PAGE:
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  • The Vitruvian Middle Ages and Beyond
  • Wim Verbaal

What do we mean when we speak of the Vitruvian Middle Ages? Does the history of Vitruvius in the west not start around 1415 when three humanists dug up the manuscript of the de Architectura from the graveyard that was the monastic library of St. Gallen? Are the Middle Ages not primarily, then, the prehistory of Vitruvius? Are they not likewise the post-histoire of classical thought and knowledge in general?

Even when a broad scholarly public knows that questions such as those above are no longer founded upon any reality, the beliefs behind them still remain decisive in shaping the image and presentation of European cultural history and identity. One need only open at random any book on reception history or the classical heritage and the table of contents will invariably show the same leap from classical or late antiquity to the era of the early humanists—the period from which every history of modern Europe takes its departure. Even those scholars who realize that our knowledge of antiquity is largely determined by medieval textual transmission are hardly ever willing to take the Middle Ages into consideration when discussing the afterlife of classical culture or literature.1

Nonetheless, the Vitruvian Middle Ages do exist. The history of Vitruvius does not start in 1416/1417. The manuscript Poggio and his colleagues discovered in the monastery of St. Gallen was not the sole survivor from the age of antiquity. And Vitruvius had not stayed buried for almost a thousand years in the obscurity of ignorance and monastic [End Page 215] indifference.2 Already in 1967, Carol Krinsky had published an article in which she enumerated seventy-eight Vitruvius manuscripts dating from the eight or ninth to the fifteenth century. More recently, the voluminous study by Stefan Schuler (1999) offers an even more thorough range of manuscripts reaching into the nineteenth century, as well as an exhaustive list of references to Vitruvius during the Middle Ages: quotations, rewritings, mentions, and listings in catalogues. Actually, Edgar de Bruyne had already done part of this work in 1946 in his still fundamental Études d’esthétique médiévale (1946.244–61). His work remains unmentioned, however, by both Krinsky and Schuler.

Yet in spite of this accumulated knowledge about the transmission of Vitruvius during the period known as the Middle Ages; in spite of all the quotations and references to his work by writers of this period; and in spite of his appearances in medieval libraries all over Europe, the question still has to be asked whether one is allowed to speak of a Vitruvian Middle Ages. How must the tag “Vitruvian” be understood for the period between the fall of the Roman empire and the discovery of the manuscript in St. Gallen? How Vitruvian were the Middle Ages? In what sense can Vitruvius be considered a formative force in this period? Does he in any way add to the understanding of these thousand years of western European history?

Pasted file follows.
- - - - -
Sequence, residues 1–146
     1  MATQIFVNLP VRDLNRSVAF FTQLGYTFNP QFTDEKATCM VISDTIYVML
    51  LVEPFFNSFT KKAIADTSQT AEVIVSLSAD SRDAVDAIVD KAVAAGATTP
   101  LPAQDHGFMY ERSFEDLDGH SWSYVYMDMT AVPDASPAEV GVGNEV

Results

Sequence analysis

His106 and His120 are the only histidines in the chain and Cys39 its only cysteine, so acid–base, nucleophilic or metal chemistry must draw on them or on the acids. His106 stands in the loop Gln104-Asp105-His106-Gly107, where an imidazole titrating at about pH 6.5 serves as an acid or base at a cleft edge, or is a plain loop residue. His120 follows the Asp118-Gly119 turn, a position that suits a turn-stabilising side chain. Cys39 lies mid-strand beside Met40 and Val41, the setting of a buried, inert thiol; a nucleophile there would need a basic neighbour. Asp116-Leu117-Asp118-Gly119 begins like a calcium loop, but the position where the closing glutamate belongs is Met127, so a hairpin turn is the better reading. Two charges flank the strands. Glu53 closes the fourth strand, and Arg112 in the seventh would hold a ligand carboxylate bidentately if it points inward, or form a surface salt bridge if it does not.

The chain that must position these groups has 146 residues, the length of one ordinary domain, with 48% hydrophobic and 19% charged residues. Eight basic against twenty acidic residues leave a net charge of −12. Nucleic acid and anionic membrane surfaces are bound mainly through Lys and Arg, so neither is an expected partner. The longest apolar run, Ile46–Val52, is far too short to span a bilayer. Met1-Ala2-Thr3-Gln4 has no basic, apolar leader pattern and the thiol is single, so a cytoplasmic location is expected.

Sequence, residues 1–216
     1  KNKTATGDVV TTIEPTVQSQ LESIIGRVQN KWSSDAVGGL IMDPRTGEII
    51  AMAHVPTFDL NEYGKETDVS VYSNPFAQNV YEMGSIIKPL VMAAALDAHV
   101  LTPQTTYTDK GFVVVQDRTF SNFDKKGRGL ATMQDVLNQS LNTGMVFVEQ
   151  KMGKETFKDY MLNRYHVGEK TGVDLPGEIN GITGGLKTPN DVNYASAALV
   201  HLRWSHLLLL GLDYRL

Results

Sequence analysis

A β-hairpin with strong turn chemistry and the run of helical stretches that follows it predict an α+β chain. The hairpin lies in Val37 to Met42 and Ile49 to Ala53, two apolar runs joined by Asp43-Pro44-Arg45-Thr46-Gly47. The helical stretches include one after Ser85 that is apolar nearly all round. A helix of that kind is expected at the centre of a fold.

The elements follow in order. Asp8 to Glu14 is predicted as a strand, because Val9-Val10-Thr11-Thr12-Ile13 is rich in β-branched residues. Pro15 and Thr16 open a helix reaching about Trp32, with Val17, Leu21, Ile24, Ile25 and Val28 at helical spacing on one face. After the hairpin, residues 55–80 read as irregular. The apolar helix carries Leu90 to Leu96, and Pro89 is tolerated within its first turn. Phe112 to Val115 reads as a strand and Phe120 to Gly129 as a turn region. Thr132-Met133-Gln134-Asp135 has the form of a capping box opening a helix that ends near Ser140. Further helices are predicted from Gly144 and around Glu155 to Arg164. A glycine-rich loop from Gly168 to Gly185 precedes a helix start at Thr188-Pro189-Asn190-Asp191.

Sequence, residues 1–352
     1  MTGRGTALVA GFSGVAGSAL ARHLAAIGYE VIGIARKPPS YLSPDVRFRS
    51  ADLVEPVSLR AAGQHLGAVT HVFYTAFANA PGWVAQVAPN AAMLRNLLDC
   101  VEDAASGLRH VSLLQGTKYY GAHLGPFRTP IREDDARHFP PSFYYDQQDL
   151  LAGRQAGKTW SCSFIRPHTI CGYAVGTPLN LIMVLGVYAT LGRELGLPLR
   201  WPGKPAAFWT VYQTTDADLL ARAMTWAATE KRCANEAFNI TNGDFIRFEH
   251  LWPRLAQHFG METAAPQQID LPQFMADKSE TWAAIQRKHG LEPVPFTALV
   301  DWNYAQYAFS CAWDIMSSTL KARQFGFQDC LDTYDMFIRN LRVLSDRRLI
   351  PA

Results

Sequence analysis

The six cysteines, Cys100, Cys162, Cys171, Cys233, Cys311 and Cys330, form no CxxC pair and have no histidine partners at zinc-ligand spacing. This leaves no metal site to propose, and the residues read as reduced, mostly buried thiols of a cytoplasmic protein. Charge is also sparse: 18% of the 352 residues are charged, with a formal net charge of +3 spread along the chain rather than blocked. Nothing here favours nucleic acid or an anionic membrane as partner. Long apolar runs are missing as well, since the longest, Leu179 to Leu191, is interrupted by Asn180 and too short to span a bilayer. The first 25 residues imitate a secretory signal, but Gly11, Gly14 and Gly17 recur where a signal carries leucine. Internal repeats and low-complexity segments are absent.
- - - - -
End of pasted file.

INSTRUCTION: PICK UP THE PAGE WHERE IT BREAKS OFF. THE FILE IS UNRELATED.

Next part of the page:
These are the questions I wish to tackle. I will not pay much attention to the contents of Vitruvius, nor to his transposition into the practical field of architecture. Mine is the contribution of a literary scholar, not of a historian of architecture. Nor is it necessary to redo the work of Stefan Schuler and trace the reception story of the Vitruvian treatise. Rather, Schuler’s exhaustive work forms the starting point for my contribution. I offer an attempt to understand the reception of Vitruvius during the Middle Ages. This is not an easy task, because in spite of the widespread knowledge of cultural differences from either a global or a historical point of view, the Middle Ages remain the blankest space on many people’s personal map of knowledge, both for the general public and for most specialists. They offer the widest opportunity for the most abstruse prejudices and romanticisms, and very few, especially among classicists and literary scholars, dare to venture into these so-called dark ages.3 [End Page 216]

As a result, these two categories of scholars remain the victims of one of the greatest and most admirable deceptions in history: the...


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